RE in the Foundation stage is delivered through experiences and contexts according to the developmental statements in the Early Years Foundation Stage. This may be partly through short periods of directed input which highlight key festivals, celebrations, religious symbols and religious vocabulary by reference to children’s own experiences, use of persona dolls and involvement of the wider community for example, visits from key members of a religious group or visits to a local place of worship.


Throughout key stage 1, pupils explore key questions through enquiry into Christianity whilst also drawing from at least one of Hinduism, Islam or Judaism, as well as nonā€religious worldviews as appropriate. They look at and examine sacred texts and faith stories and the meanings to believers. They find out about rituals, lifestyles and daily practices. They learn to recognise that beliefs are expressed in a variety of ways, and begin to use some specialist vocabulary. Pupils ask relevant questions and develop a sense of wonder about the world. They talk about what is important to them and others, reflecting on their own feelings and experiences and developing a sense of belonging.

Throughout Key Stage 2, pupils explore the impact of religion and belief locally, nationally and globally. They consider the beliefs, teachings, practices and ways of life central to religion. They learn about sacred texts and other sources and consider their meanings. They begin to recognise diversity in religion, learning about similarities and differences both within and between religions and beliefs. They extend the range and use of specialist vocabulary, recognise the challenges involved in distinguishing between ideas of right and wrong, and valuing what is good and true. They communicate their own beliefs and values and those of others in the light of their learning.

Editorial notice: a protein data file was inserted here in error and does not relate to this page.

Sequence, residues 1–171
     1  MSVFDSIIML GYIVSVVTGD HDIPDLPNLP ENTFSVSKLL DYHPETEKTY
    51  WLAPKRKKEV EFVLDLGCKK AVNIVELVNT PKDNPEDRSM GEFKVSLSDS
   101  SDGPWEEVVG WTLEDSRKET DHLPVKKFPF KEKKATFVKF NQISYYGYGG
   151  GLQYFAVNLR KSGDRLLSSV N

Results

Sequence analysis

We enrich the RE curriculum with trips to places of worship, visitors from Christian and other world faiths, photographs, and handling religious artefacts. Children across all key stages express their understanding through drama, speaking and listening, poetry, art, writing, dance and music. They also make use of ICT resources to research and record their findings.

Parents have a right to withdraw their child from RE lessons and worship but it must be understood that such activities make a contribution to cross curricular objectives pursued during the school week. Any parent who wishes this must first consult the headteacher.